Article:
The drug gangs and pushers would disapper some but many would move on to something else...like car theft, making you pay to walk to your house, prostitution ect. They are not giving up their guns and lifestyle just because we make drugs legal.

 

Yea...which ever way it goes (legal/illegal)...if they don't want help or want to stop (many don't), then nothing can stop them. Allowing them to kill themselves or throw their lives down the toilet doesn't work because there is always another generation in line to fill their shoes.

 

The war on drugs is a huge cost and tactical situation that's failed.

It will be the same with it being legal. Welfare, housing, food stamps, abandonded children and families will keep those govermental costs around the same as the enforcement costs....and crime will go on.

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I don't think legalizing it will make much of a dip in crime. They still have to come up with the money to buy it. Since a life is worth about $30 to these people, I don't see much of a change in the murder rate. Theft would continue on the scale that it is because these people are unemployable and need money every day.

 

The drug gangs and pushers would disapper some but many would move on to something else...like car theft, making you pay to walk to your house, prostitution ect. They are not giving up their guns and lifestyle just because we make drugs legal.

 

Yea...which ever way it goes (legal/illegal)...if they don't want help or want to stop (many don't), then nothing can stop them. Allowing them to kill themselves or throw their lives down the toilet doesn't work because there is always another generation in line to fill their shoes.

 

The war on drugs is a huge cost and tactical situation that's failed.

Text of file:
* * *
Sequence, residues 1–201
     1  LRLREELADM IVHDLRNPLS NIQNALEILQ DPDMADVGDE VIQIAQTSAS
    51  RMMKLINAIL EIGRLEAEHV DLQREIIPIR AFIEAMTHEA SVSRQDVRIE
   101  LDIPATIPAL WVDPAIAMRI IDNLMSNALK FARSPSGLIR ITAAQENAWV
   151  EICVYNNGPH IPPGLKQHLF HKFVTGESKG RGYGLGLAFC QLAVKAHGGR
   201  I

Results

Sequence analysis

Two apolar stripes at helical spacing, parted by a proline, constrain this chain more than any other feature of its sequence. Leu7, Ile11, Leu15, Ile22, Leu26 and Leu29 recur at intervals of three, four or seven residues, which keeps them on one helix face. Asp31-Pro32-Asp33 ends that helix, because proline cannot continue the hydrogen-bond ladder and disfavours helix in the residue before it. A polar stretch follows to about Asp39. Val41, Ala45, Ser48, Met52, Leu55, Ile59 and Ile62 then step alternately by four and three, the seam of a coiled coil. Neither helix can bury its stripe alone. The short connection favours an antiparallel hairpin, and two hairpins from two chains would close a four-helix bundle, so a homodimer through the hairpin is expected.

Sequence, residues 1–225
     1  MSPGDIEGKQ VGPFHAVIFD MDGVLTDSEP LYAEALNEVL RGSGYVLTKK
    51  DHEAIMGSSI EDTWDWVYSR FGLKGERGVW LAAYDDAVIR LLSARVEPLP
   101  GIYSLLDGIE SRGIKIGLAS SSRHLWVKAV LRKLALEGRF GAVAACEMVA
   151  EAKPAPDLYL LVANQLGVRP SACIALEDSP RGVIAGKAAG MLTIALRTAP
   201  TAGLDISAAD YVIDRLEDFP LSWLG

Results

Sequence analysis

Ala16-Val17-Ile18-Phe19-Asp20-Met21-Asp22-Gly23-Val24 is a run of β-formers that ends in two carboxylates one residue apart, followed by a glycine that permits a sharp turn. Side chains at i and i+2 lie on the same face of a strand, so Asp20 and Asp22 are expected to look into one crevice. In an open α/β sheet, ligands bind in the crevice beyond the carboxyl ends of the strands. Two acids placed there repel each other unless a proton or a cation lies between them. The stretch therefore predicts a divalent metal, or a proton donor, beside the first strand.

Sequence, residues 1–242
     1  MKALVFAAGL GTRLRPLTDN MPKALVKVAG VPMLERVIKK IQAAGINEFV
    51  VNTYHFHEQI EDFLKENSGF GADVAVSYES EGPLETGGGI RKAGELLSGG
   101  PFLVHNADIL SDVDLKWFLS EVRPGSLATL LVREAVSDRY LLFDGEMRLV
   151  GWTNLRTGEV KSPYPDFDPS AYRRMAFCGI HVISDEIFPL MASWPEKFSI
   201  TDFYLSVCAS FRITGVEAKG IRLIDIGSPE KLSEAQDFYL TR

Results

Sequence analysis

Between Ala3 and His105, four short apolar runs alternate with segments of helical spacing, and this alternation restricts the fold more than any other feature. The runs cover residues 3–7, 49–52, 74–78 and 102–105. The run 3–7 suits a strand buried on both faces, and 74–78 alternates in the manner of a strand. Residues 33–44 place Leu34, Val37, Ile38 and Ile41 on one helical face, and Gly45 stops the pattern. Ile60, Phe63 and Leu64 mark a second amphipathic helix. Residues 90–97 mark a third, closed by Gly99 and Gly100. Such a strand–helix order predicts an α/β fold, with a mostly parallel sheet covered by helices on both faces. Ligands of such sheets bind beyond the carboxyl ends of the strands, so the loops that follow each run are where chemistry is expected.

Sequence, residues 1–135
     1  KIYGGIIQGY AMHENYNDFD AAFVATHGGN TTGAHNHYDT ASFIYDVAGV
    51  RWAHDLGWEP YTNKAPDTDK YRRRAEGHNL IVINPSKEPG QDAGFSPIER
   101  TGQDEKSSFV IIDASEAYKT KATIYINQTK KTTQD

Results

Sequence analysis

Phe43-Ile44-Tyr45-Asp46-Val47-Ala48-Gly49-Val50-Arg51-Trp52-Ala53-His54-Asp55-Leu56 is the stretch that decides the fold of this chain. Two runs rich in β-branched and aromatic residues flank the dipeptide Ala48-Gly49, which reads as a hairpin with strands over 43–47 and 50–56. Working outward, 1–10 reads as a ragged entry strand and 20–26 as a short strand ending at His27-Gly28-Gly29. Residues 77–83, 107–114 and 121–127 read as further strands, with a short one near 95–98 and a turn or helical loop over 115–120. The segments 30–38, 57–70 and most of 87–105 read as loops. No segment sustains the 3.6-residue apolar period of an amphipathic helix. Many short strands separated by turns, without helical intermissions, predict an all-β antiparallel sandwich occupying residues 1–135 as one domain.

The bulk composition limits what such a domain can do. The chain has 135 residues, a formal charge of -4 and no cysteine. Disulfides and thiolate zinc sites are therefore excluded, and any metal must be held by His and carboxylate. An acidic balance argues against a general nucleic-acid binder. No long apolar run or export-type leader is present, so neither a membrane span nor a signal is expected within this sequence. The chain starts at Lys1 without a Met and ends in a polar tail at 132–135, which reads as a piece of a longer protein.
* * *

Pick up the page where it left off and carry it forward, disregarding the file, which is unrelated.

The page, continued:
It will be the same with it being legal. Welfare, housing, food stamps, abandonded children and families will keep those govermental costs around the same as the enforcement costs....and crime will go on.

Of course it will. It's a human condition. Even without the factor of drugs/alcohol, there will be crime. There are thousands of other reasons people commit them, and that will never change.

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Well the murder rate is actually on the seller side not the buyer side. Of course there are exceptions to that rule but by and large that is the case.

 

If legalized the total cost of buying drugs would probably go down. There would be no more lost drugs via seizures which drives up costs and in turn the price of street drugs. I would see a fairly high tax dropped on them for several reasons. One you do not want them being to cheap. I would expect rehab would be funded exclusively from drug sales. Also the Govt would also look to make revenue above and beyond rehab.

 

You can't have the price being to high either. Then again you create a black market with the violence that goes along with it. I expect to see your first police officer murdered for cigarettes here in MD within 10 yrs. They have so driven up the price on smokes that a flourishing black market has begun bringing in cheap cigs from out of states. The question is when will the price be willing to shoot the cop that catches you with an illegal truck full of smokes.

 

As to the drug gangs. Many of them will legitimize like Joe Kennedy and many other booze runners did.

 

The costs would drive down substantially if drugs were legalized. First the incarceration of millions of users would end. In that it costs about $47000 to house an inmate a yr and there about 504000 ddrug users in prisons (not in jail waiting for trial) it costs abou 23.688 billion to keep them. Then you have the vast number of police and drug enforcment around to catch them. Bmore has about $3000 officers for a small jurisdiction. They need that many to fight a war on drugs. If they were legal the number they need to patrol the streets would be halved at least. The DEA could be wiped away or at least dramatically diminished. In 2009 their budget was about 2.6 billion. If you add all the wasted expense of fighting a pointless war on drugs at the federal and state level it would have to cost us about a half trillion. BTW MD will be building a new prison in Jessup soon.